On April 29, 1975 my family and I fled Saigon (the former capital of South Vietnam), now Ho Chi Minh City, by getting on a cargo ship just before South Vietnam fell to communist North Vietnam, marking the end of the Vietnam war.

The ship was overloaded with refugees like us, occupying all space in the ship – from the cargo bay to the entire upper deck. We could barely move past each other but were lucky enough to have a small ration of food – a small cup of cooked rice and drinking water for each person.

I still vividly remember when our ship arrived at Subic Bay in the Philippines, on a sunny day in May 1975. At the time, I was a 19-year-old boy, with my sister, brother-in-law and 2-year-old niece in a very crowded ship that must have held at least 500 people. We were hungry and very dirty – we’d gone without a bath for at least a week while at sea.

The sense of relief when the ship finally approached land was palpable. We all tried to squeeze into the upper deck to see the land at the end of the journey.

As the ship got closer, we could clearly see the beautiful beach in front of us and even make out people who appeared to be waiting for us to come ashore. When we got on land, the first group of people who came to us were from the Red Cross. They introduced themselves as volunteers from the U.S. and warmly welcomed us with food and drink, leading us to tents in the refugee camp that had been set up for us by the U.S. Navy in the Philippines.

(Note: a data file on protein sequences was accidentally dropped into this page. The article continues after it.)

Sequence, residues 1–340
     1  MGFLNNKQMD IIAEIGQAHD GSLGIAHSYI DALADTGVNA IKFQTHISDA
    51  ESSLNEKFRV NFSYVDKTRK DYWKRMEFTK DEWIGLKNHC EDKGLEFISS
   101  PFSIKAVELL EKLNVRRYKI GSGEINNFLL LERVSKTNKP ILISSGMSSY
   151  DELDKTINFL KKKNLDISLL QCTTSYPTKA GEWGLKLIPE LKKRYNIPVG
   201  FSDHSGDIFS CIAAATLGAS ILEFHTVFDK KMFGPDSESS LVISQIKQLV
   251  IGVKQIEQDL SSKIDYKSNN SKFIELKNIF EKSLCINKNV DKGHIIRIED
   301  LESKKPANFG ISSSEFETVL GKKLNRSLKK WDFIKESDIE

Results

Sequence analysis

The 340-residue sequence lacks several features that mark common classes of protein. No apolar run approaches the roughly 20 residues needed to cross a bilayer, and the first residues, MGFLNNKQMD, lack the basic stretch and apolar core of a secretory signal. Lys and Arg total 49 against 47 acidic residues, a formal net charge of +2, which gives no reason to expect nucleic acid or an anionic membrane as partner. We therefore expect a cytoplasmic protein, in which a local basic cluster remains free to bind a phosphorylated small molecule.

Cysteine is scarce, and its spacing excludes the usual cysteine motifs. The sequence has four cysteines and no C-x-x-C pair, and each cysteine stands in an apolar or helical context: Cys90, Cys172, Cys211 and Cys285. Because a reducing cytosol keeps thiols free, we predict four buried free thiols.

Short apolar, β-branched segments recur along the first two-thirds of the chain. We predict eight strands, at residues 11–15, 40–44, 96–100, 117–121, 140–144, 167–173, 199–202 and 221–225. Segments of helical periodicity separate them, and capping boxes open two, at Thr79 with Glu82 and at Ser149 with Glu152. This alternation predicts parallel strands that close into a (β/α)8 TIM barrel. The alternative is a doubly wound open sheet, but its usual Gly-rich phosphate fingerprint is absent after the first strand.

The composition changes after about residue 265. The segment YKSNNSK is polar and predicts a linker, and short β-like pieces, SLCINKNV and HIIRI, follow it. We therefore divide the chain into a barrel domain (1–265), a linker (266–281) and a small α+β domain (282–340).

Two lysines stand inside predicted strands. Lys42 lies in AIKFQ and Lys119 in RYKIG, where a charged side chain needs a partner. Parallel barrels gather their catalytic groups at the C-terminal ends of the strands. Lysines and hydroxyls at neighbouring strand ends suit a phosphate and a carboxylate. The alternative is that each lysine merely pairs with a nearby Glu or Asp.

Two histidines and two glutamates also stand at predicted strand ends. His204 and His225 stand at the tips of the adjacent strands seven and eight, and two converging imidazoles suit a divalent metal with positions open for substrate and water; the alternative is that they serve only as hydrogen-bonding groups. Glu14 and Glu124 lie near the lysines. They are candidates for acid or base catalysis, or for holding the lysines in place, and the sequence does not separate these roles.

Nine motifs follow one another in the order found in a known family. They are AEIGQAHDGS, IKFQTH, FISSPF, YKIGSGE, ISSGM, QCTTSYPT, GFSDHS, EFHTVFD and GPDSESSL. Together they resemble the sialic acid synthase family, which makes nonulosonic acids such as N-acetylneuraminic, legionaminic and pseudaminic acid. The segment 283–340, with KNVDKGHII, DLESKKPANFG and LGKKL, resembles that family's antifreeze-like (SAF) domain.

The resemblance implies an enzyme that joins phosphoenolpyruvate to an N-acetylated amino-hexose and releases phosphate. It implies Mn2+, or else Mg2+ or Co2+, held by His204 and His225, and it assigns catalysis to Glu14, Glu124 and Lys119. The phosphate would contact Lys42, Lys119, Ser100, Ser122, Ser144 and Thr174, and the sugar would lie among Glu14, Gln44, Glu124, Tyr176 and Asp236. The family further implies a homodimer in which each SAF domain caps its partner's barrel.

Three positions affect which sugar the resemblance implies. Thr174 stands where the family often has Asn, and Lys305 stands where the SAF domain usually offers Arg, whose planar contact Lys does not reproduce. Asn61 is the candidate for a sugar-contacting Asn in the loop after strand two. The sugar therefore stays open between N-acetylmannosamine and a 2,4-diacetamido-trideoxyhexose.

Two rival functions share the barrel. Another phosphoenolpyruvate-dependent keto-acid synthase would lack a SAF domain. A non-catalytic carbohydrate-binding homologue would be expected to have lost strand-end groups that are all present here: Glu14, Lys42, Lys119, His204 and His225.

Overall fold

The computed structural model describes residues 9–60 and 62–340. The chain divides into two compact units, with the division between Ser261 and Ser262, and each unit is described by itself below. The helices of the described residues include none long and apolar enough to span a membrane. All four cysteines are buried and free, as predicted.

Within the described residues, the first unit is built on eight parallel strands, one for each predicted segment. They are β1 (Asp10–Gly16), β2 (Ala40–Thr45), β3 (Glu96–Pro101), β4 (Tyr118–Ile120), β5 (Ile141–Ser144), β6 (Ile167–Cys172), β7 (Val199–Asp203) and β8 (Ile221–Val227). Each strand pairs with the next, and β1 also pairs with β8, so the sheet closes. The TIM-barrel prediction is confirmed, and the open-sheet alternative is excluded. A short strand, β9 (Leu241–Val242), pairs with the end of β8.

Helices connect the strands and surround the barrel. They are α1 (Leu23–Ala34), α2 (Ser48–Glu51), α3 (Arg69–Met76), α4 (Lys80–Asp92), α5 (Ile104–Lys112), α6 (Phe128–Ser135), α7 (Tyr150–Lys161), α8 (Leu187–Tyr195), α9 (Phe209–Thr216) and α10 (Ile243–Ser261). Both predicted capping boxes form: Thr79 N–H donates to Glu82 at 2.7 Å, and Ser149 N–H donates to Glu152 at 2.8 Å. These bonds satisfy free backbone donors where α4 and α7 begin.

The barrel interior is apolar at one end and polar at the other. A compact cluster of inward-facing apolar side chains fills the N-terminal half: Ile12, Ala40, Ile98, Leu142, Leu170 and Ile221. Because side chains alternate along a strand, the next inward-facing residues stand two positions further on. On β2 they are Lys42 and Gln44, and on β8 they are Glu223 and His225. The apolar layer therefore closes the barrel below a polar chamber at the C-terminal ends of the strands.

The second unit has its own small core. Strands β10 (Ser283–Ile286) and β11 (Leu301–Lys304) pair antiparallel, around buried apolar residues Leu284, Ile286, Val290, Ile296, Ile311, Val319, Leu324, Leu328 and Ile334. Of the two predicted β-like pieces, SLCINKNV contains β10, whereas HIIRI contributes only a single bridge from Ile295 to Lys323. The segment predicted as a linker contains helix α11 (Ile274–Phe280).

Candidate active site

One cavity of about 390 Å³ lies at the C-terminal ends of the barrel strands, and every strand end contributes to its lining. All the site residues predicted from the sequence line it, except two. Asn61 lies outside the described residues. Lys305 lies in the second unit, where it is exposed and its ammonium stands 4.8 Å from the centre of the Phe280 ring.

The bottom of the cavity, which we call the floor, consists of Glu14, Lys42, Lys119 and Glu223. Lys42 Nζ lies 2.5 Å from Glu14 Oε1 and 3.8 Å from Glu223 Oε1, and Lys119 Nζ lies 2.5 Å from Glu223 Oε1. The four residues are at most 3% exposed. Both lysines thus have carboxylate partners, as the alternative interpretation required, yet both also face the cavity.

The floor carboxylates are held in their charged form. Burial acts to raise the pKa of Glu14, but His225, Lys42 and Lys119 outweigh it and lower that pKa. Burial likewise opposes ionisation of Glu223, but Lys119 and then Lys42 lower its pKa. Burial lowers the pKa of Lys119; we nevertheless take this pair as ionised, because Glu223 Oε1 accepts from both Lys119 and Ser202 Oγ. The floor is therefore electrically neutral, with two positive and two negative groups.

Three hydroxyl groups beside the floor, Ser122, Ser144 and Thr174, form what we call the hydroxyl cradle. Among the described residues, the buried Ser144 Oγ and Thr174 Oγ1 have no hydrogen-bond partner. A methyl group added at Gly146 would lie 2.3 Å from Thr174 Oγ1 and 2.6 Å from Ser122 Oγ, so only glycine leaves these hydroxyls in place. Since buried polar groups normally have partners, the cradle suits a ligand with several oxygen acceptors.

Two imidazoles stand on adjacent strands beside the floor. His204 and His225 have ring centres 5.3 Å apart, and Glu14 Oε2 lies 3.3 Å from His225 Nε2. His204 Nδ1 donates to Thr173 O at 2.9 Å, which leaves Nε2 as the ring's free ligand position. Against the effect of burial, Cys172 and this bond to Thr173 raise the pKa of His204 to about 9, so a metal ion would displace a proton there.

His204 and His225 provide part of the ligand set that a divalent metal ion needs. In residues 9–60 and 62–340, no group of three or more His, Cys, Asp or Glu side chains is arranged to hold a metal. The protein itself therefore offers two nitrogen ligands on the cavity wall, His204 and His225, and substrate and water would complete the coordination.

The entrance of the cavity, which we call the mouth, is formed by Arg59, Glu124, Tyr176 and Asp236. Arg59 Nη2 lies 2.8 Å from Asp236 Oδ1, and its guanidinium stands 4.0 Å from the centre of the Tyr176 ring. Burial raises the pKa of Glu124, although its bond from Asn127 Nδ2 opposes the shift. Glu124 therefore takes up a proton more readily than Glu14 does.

I still remember each of us getting a ham sandwich and a cold bottle of water. It may not seem like much, but to those of us who had been half-starved on the ship for a week, the sandwich and water were like gifts from heaven!

At the time, I did not have adequate English skills to say more than a few words like “hello” and “thank you”. The actions and manner of the volunteers left a profound impression on me that lasts to this day. What amazed me at the time was the selflessness of the volunteers. I wondered why people, who had not even known us before, came to help us from halfway around the world.

Shortly after, we settled in Houston, Texas and have been here for more than 45 years. Throughout the years I have seen the American Red Cross continuously support disaster relief within the U.S. and around the world. Red Cross has shown me that if all of us would help each other when in need, our world would become such a wonderful place to live in. I also realized that we owe it to ourselves to support charity organizations, whether in the form of labor or in a financial manner, so that this good deed would keep on going among all of us in an endless chain.

This Giving Tuesday, December 1, 2020, join with the American Red Cross to #GiveWithMeaning by

  • Making a tax-deductible financial donation to help a family who has lost everything in a home fire: redcross.org/gifts
  • Donating blood or platelets to help someone who ill or injured: redcrossblood.org
  • Volunteering to support your neighbors and community: redcross.org

Story by American Red Cross donor, Andy Nguyen